Once forced to leave the country, Sikh man returns on red carpet laid by govt

Among the scores of NRIs who will be crossing over to Pakistan to visit the Kartarpur shrine with Punjab chief minister Capt. Amarinder Singh on Saturday, is a German citizen who fled India fearing police brutality in 1986.

Hardevender Singh (65) was 23-year old when he escaped India with the help of an agent. Sikh militancy was it's peak in mid-1980s and following Operation Blue Star at Gurudwara Harmandir Sahib or Golden Temple in Amritsar, hundreds of Sikh youths fled the country.

Mr. Singh is among the 312 Indian-origin Sikhs whose names were recently removed from an “adverse list,” maintained by the Indian security agencies of Sikh youths who were influenced by Khalistani (separate land for the Sikhs) propaganda in the 1980s. The list prepared by the intelligence agencies was available with all Indian missions and it was a major roadblock in availing visas even for their family members who were not on the list.

Mr. Singh said this was the second time in 15 days that he was visiting India after a gap of 33 years.

This time the invitation came from the Indian Embassy in Berlin.

"I cannot describe how good it feels to come back to the country I was born in. My younger brother, who I loved as a son died three years ago.....My mother died three months ago, I could never get a visa due to the blacklist....I can't describe the emptiness I felt when I entered the house in Jalandhar and didn't find them," Mr. Singh said as his eyes welled up.

He said he had no intention to flee India but was forced to do so as he was fed up of midnight knocks by police who accused him of sheltering Khalistani terrorists. "Even my parents were not spared. I was an electrician and was quite happy with my life. To escape police excesses I fled to Germany.....sought asylum and was granted citizenship after few years," said Mr. Singh stoking his long white beard. He added that he married a British woman and his son was a high ranking officer in the German army.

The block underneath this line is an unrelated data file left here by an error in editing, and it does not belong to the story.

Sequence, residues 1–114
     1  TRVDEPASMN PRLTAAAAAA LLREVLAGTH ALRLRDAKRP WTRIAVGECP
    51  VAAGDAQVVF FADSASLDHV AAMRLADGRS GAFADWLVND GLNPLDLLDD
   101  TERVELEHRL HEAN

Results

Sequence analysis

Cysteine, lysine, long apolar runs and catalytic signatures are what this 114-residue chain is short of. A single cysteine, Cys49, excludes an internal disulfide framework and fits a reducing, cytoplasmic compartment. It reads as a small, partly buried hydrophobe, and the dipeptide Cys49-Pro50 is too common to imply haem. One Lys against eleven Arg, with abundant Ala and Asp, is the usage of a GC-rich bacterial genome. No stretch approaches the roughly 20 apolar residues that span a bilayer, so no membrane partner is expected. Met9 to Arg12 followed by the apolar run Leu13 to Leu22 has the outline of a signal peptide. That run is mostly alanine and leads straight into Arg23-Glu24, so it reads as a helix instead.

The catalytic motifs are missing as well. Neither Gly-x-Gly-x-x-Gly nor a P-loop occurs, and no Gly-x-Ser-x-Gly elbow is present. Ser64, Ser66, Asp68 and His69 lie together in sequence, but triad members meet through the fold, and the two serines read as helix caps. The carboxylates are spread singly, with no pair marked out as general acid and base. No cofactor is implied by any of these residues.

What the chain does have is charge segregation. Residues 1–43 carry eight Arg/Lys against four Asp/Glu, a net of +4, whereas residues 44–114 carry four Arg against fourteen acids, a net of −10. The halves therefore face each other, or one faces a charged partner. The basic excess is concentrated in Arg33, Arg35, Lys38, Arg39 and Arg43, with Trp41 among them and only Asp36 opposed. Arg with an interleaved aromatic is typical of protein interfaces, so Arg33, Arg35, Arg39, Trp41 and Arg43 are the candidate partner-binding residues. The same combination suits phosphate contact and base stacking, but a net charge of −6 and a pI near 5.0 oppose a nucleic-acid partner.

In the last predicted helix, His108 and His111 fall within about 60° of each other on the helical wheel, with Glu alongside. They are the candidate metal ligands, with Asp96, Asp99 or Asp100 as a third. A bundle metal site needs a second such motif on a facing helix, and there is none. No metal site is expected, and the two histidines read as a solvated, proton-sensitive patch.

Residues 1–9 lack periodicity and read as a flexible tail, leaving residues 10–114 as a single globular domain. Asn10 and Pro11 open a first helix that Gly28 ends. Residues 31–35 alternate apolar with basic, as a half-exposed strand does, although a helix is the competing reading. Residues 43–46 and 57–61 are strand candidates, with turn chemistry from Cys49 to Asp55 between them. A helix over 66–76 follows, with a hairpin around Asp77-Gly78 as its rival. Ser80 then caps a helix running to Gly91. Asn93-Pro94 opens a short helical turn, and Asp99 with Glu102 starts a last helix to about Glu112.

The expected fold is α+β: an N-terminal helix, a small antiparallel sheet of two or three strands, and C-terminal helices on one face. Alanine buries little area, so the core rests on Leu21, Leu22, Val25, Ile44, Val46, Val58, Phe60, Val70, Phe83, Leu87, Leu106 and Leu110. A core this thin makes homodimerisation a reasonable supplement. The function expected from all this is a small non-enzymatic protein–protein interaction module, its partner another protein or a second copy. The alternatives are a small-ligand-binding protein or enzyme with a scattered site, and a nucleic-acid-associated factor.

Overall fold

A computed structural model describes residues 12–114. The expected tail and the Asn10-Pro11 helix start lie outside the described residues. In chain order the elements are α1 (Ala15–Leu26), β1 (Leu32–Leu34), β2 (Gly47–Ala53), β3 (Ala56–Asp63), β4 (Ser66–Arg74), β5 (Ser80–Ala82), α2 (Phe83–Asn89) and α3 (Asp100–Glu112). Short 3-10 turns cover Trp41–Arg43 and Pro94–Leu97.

"I am glad the government invited me to be a part of the first official delegation to Kartarpur. After coming here I witnessed how Punjab has progressed," he said.

After he was removed from the blacklist in September, Mr. Singh undertook his first trip to India 15-days-ago.

"This is the place where our Gurus lived. I tried coming to India in the past but this government made it possible by abolishing the blacklist. They invited us for this grand event and told us to see things firsthand. The opening of the Kartarpur corridor will go a long way in forging friendship between India and Pakistan," said Mr. Singh.

On being asked if he concurred with apprehensions of the Government that the corridor will be used by Pakistan to stoke Khalistani propaganda, Mr. Singh said, "what happened at Harmandir Sahib (operation Bluestar) is still etched in the minds of people... But they should come here and see what has changed, India has always been the land of Khalistan."

He was among 65 NRIs who have come here on the invitation of the Centre as part of celebrations of the 550th birth anniversary of Sikh founder Guru Nanak Dev. They will be part of the delegation that will visit Gurudwara Kartarpur Sahib in Pakistan on Saturday. Prime Minister will flag off the event.

Several Sikh groups had petitioned the Centre to review the list.

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Printable version | Jan 16, 2022 10:28:34 PM |

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